By Catherine Brown —
Halloween costumes promote necessary inclusivity and prevent discrimination of the person underneath the costume because they allow everybody to be treated based on their choice of costume.
Stores sell popular supernatural costumes, like Frankenstein’s Monster or Dracula, but they also supply common character archetypes like the princess or ninja. Many stores even sell “sexy” versions of costumes or generic versions of a trademarked character (‘Where’s The Stripey Dude?’ instead of ‘Where’s Waldo?’)
That being said, costume wearers should still be mindful of their choice of outfit. Cultural appropriation remains a controversial topic around Halloween, and for good reason.
Jessica Hickam of USA Today writes in an article that costume wearers should avoid anything suggesting blackface, Geishas, Native American princesses, etc. These costumes represent minority groups with a long history of oppression by white settlers and conquerors and should not be represented at your next Halloween get-together.
So how do you prevent culturally-appropriated costumes at your next Halloween function?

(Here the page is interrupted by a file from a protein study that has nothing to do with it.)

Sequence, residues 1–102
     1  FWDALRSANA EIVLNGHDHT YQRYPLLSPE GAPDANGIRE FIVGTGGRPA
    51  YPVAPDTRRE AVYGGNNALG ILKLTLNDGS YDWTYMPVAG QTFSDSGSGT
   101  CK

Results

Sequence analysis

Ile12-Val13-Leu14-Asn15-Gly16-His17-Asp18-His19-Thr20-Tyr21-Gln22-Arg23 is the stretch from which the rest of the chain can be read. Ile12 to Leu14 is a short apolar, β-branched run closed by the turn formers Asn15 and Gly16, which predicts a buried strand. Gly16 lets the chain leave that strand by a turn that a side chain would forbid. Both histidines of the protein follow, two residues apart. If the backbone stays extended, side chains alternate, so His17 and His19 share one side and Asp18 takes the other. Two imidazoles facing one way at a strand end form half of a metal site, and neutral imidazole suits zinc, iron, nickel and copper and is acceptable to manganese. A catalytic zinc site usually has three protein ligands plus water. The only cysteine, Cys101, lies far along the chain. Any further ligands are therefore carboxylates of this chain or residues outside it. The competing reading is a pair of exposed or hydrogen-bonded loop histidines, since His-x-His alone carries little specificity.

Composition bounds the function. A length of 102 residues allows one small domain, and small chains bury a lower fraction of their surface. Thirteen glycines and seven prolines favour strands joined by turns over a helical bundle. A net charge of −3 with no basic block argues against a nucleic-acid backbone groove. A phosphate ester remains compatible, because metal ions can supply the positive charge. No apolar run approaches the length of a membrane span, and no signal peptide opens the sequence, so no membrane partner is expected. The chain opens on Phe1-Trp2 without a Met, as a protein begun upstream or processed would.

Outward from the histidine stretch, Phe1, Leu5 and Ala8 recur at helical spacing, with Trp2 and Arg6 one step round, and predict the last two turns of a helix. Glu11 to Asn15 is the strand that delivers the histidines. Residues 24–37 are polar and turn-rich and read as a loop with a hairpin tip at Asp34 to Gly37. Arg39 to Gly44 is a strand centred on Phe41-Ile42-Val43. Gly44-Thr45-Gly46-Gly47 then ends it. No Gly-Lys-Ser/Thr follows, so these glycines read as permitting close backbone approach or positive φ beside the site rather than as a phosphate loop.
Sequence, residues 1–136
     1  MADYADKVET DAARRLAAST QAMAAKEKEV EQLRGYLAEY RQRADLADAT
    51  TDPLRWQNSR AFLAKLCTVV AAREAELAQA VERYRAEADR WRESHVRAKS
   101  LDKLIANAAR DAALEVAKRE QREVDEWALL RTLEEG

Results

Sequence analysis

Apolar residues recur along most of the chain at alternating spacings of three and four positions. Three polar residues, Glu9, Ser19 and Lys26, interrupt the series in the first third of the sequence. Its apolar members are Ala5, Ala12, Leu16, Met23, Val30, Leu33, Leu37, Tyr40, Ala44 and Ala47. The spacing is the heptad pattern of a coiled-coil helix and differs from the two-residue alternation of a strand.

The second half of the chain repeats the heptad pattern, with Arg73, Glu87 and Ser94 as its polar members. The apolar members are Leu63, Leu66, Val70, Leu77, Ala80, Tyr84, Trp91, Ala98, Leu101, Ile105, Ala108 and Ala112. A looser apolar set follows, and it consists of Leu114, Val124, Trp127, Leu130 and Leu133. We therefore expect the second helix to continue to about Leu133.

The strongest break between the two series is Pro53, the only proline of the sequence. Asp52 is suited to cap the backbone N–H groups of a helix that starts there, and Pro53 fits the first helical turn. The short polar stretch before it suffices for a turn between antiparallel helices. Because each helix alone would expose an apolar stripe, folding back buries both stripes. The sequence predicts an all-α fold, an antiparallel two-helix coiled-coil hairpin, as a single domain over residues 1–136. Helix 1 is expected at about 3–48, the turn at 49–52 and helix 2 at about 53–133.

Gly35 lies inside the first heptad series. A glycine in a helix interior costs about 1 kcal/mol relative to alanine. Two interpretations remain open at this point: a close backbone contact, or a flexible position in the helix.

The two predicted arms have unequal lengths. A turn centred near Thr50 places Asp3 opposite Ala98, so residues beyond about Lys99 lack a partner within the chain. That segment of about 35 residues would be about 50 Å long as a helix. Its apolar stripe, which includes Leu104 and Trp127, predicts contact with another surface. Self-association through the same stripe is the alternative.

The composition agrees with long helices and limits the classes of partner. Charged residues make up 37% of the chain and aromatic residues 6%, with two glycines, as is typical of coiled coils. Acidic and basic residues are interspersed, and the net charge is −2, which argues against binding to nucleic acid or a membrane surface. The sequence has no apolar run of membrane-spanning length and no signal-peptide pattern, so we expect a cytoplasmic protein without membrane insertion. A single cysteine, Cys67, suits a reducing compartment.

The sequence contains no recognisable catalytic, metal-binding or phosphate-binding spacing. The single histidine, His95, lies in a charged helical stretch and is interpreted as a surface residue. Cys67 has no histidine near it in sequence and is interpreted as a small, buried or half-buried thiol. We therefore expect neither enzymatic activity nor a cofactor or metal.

One tip is to set a dress code. Think of a dress code policy similar to that of an office party at work, where everybody can remain appropriate but still have fun. Hera S. Arsen, a lawyer for law firm Ogletree Deakins, said dress code and anti-harassment policies help avoid insensitive costume situations. Be forward in your approach. If you come across someone wearing an offensive costume, initiate a conversation about how their costume, explaining the connotations of their costume and how it may offend others.
You can do your part to prohibit discrimination for inappropriate Halloween costumes this year. If you witness inappropriate behavior this Halloween season, explain to the other person why their behavior is inappropriate, and let them know what they can do to fix it.
Graphic by Alexis Simon // The Louisville Cardinal